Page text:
The company raised its annual organic revenue target to a projected 12-14% and adjusted earnings per share to 12-15% versus a prior forecast of a high single digits increase for both after net revenues in the quarter grew 42% to $10.1bn and organic revenues grew 37%.
“We are encouraged by our results and raising our top line, bottom line and cash flow guidance even as we are accelerating investments in the future. At the same time, we also recognize the trajectory may be dynamic and because of that, we must remain flexible to respond to changes in the environment,” James Quincey, chairman and CEO of The Coca-Cola Co., told analysts during the company’s second quarter earnings call July 21.
He explained that much of Coca-Cola’s revenue growth in Q2 was attributed to the ongoing recovery of the away-from-home business in markets where the threat of COVID-19 is easing with increased vaccinations. However, he added, the recovery is “asynchronistic,” and Coca-Cola is exploring other ways to drive sales, including innovation and stepped up brand building and marketing.
‘We’re certainly starting to see more experimentations … and more discipline’
A year after a 27% drop in year-over-year sales prompted Coca-Cola to cut a number of “zombie brands” and declare that it would focus on “fewer but bigger and stronger” innovations, the company’s disciplined approach to scaling “big bets” and innovating through “loved and scaled brands” is paying off.
Quincey explained that when it comes to innovation, “we’re never satisfied as a kind of philosophical starting point, but we’re certainly starting to see more experiments happen out there and more discipline” in identifying and stopping innovations that aren’t working and investing in those that “have legs to be taken to the next place.”
For example, he noted, the company is moving forward with the launch Coca-Cola Zero Sugar across global markets, including in the US earlier this month, after determining that the product’s “new and improved” recipe and packaging “are resonating strongly with consumers,” and not cannibalizing Coke Light or Diet. Rather, it is a “net accretion to the Coke franchise.”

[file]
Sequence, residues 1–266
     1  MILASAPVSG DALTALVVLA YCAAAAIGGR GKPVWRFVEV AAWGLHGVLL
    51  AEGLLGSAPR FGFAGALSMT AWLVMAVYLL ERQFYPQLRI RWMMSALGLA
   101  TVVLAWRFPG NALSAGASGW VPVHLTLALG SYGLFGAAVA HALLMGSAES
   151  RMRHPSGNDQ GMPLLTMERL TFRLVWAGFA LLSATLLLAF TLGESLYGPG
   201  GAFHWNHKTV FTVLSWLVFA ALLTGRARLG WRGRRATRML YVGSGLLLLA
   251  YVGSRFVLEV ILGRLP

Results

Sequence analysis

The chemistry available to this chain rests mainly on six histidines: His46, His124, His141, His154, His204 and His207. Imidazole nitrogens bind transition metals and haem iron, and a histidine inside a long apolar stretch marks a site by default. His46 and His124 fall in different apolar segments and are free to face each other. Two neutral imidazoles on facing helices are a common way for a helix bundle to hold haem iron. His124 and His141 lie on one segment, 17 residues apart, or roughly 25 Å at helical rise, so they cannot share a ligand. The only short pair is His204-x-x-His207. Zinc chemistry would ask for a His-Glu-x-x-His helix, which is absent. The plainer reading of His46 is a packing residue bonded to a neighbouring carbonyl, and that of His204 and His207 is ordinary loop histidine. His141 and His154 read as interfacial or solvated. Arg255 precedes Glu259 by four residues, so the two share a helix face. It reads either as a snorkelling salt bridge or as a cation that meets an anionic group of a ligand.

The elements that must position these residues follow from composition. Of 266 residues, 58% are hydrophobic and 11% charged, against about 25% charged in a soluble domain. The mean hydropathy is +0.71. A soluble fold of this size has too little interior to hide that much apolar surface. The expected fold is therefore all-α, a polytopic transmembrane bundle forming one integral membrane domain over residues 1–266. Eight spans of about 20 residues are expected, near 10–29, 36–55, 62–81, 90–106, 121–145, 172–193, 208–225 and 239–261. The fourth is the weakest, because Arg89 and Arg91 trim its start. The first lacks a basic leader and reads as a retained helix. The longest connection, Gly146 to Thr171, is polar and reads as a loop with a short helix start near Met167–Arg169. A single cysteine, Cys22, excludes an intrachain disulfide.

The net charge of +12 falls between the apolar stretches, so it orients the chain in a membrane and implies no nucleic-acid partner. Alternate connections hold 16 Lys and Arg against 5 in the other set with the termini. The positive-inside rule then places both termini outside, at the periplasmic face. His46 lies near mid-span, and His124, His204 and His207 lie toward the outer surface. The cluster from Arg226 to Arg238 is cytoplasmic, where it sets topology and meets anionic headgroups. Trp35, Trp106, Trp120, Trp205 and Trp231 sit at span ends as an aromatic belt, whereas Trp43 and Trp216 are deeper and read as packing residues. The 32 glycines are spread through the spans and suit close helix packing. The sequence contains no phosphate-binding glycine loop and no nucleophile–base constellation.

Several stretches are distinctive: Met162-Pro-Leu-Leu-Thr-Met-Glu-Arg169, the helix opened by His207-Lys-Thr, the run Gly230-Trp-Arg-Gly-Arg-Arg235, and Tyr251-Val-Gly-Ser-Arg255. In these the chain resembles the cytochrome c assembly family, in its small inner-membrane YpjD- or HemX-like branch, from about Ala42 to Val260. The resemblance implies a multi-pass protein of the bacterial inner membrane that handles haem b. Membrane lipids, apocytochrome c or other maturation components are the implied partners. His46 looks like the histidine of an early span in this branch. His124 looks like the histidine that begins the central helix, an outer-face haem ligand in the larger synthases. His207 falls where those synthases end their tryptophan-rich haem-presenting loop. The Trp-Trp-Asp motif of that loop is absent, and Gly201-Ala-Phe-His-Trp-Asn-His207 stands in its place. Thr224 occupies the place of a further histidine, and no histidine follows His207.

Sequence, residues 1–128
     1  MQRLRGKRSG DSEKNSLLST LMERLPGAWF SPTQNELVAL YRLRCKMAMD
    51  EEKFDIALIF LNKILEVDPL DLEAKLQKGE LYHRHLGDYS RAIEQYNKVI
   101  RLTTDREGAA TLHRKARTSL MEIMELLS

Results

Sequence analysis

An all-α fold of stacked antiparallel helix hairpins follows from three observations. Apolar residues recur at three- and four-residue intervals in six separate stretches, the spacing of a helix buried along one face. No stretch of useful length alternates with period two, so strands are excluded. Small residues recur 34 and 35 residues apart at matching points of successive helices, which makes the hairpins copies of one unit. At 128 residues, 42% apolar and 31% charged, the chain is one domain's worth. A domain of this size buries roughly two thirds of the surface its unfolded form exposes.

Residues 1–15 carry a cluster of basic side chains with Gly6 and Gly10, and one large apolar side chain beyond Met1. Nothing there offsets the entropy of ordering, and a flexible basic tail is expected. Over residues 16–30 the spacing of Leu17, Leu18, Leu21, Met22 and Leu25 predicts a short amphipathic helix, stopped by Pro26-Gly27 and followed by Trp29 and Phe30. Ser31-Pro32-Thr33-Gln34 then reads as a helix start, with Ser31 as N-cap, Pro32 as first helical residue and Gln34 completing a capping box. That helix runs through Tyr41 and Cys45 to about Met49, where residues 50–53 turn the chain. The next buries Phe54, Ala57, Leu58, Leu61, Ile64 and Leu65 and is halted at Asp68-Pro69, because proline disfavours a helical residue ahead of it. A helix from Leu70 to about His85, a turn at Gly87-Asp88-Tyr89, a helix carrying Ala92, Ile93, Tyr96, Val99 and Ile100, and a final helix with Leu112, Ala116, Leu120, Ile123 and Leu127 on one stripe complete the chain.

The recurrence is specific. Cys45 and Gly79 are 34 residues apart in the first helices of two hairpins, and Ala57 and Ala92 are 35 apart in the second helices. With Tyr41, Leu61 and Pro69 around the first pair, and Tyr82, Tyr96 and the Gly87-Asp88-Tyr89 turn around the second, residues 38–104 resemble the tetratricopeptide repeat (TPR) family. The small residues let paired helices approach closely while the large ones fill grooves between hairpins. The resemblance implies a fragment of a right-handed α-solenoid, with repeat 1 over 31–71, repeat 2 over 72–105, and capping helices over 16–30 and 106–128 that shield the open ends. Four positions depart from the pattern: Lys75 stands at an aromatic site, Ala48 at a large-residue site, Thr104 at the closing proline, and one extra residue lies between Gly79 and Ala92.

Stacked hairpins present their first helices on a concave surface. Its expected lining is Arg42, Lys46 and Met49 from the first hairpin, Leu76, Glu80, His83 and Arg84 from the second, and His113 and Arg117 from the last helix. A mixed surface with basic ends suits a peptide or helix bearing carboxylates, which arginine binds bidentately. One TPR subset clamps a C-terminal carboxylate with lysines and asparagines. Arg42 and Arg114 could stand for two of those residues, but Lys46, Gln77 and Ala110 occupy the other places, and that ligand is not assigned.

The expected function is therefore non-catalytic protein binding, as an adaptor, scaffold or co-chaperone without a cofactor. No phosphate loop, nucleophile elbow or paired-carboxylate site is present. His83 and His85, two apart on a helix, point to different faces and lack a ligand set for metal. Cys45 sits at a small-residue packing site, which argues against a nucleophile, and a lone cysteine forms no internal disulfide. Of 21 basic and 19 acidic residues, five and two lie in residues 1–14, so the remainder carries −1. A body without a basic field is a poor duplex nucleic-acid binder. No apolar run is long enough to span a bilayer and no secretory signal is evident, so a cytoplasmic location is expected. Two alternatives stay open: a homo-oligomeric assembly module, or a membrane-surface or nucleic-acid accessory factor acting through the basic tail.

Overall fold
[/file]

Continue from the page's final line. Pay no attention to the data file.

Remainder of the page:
Now in nearly 50 markets, Quincey said, Coca-Cola Zero Sugar has grown 15% year-to-date, resulting in high single-digit growth versus 2019.
Coca-Cola also is seeing “rapid consumer traction and attractive proposition of healthy indulgence by AHA [sparkling water], which began as an intelligent local experiment in the US,” but which the company now believes “can transition to a bigger bet and travel internationally,” Quincey said.
He said he also sees potential for expansion of several innovations in dairy, including fairlife, “which has done very well in the US” and is now expanding to China.
Successful experimentations in innovation are not restricted to new products, as illustrated by Coca-Cola’s expanded use of rPET, 100% recycled PET packaging, from Europe with the recent launch in the US of a 13-ounce bottle in the marketplace, Quincey noted.
‘We’re doubling our spend on consumer-facing activities’
At the same time Coca-Cola is moving forward with promising innovations, it is building brand awareness and loyalty with increased marketing, which was temporarily trimmed during the early months of the pandemic.
“We’re doubling our spend on consumer-facing activities for the rest of the year with an eye to both delivering the year, but also being well-prepared for 2022,” Quincey said, noting that in terms of dollars the company has a “very robust investment agenda that will see us getting back to 2019 levels.”
But, he added, Coca-Cola’s approach isn’t just about boosting spend, it is about increasing the efficacy of marketing efforts to make investments go farther.
“When you look under the hood … one of the big changes we’ve made in recent months is to improve the quality of that spend,” he said. “Our objective is to be able to actually generate more with the same, and we’re please with progress that we’re making in that space, particularly as you think about some of our newer areas, digital media, etc.”
Coca-Cola’s stepped-up brand investment aims not only to maintain and expand the company’s market share, but also help hedge against upcoming price increases due to inflation and higher input costs, noted Quincey.
He explained, “Brands that have strong consumer resonance will be able to pass through costs, as we have done historically … and so the strategy on how to manage through that and stay engaged with the consumer to keep the momentum in the business and keep the margin structure steady or improving is the capability of the Coke system.”
Ultimately, he said, these and other strategic moves will help Coca-Cola emerge stronger from the pandemic and continue to deliver growth as it did this quarter.